Sometimes rehabilitation centers will charge for services using a “sliding scale,” where the scale of payment based on the client’s ability to pay the bill. The facility may require the client to fill out paperwork of otherwise show evidence of financial hardship.
Other facilities will sometimes offer scholarships to patients in need of treatment. You can ask treatment centers whether they offer sliding scales or scholarships and, if so, how you qualify.
There are also government-funded, state-run facilities, and charitable organizations that may provide substance abuse treatment for free or at a reduced cost. However, the requirements for acceptance in these treatment centers is often stringent and the wait time to be admitted may be long due to high demand.5 For help finding a state-run facility, you may call the Substance Abuse and Mental Health Services Administration at 1-800-662-HELP (4357).
Does COBRA Insurance Cover Addiction Treatment?
COBRA is not a type of insurance but instead an Act (the Consolidated Omnibus Budget Rehabilitation Act) that allows you to continue your employer-provided group benefits after you become unemployed. This includes coverage for mental health and substance use treatment.6
Key things to know about COBRA include the following:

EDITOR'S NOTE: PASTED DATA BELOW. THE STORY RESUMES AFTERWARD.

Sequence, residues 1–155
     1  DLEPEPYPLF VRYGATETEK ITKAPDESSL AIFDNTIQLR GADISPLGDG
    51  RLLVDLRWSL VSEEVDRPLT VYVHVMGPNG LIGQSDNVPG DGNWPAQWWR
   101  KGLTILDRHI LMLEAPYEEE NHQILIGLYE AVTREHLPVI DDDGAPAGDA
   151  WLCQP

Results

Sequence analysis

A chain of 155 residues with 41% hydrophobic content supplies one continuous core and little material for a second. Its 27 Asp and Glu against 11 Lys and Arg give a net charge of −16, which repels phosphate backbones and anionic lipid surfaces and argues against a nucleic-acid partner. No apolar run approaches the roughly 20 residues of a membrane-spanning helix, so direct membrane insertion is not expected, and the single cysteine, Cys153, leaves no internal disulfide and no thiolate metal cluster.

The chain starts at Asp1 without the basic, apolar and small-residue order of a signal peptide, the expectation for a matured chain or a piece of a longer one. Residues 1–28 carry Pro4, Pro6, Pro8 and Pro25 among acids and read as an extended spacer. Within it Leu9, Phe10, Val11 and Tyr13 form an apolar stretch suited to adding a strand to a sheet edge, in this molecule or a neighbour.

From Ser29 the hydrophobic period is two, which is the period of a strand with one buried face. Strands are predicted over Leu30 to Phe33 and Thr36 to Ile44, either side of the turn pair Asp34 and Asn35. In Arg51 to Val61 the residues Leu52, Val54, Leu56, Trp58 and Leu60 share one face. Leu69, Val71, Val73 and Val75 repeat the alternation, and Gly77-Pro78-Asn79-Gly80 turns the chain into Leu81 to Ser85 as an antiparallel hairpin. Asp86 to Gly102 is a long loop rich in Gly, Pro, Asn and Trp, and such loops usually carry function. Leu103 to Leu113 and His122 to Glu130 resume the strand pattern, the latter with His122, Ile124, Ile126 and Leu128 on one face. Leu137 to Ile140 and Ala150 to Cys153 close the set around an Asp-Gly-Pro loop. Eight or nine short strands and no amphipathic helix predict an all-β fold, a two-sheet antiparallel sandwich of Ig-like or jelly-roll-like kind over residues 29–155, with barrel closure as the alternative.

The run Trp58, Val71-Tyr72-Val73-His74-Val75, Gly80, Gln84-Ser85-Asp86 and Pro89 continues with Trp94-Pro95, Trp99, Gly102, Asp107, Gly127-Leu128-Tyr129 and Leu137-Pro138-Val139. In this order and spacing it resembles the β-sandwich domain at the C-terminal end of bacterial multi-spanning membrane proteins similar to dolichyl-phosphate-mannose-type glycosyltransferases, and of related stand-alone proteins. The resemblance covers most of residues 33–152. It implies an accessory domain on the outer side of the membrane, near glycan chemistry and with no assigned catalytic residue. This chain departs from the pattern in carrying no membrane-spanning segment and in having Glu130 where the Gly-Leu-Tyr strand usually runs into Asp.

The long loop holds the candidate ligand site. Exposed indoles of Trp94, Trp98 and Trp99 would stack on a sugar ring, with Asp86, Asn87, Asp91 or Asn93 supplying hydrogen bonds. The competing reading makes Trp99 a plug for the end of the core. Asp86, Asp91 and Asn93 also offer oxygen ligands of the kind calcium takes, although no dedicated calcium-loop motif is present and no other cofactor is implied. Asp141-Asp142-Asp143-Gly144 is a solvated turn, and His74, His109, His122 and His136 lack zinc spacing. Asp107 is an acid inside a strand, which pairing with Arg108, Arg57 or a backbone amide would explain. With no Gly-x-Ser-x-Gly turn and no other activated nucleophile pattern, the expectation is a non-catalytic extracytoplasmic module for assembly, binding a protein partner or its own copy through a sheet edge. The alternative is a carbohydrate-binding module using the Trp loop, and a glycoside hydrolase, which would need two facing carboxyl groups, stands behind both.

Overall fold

- COBRA is not a new insurance; it allows you to keep your insurance at an adjusted cost.
- Your insurance premium will be higher because your employer will no longer be sharing the cost.
- Only companies with 20+ employees are legally required to offer COBRA benefits. However, certain states such as CA offer additional protections for employees of smaller companies.
- There’s a time limit on how long you can keep your insurance through COBRA depending on your state and situation. The time you can extend your insurance benefits after separation from your employer ranges from 18-36 months.
The Mental Health Parity and Addiction Equity Act
The Mental Health Parity Act (originally signed into law by President Bill Clinton in 1996) mandated that insurance providers could not set the dollar limit of coverage for mental health services unequal to that of surgical/medical benefits.7
The Mental Health Parity and Addiction Equity Act—signed in 2008 by President George W. Bush—kept the provisions of the Mental Health Parity Act and extended them to substance abuse treatment as well.
Additionally, non-financial treatment limits are also covered by the parity law, which removes restrictions on how many times a person sees a therapist in a set period of time (but still allows the insurance company to place limitations based on “medical necessity”).8
The Equity Act covers health plans like the Children’s Health Insurance Program, most Medicaid programs (based on individual programs and states), coverage purchased through health insurance exchanges implemented by the Affordable Care Act, and employer-sponsored health coverage for organizations that hire 50 or more employees.9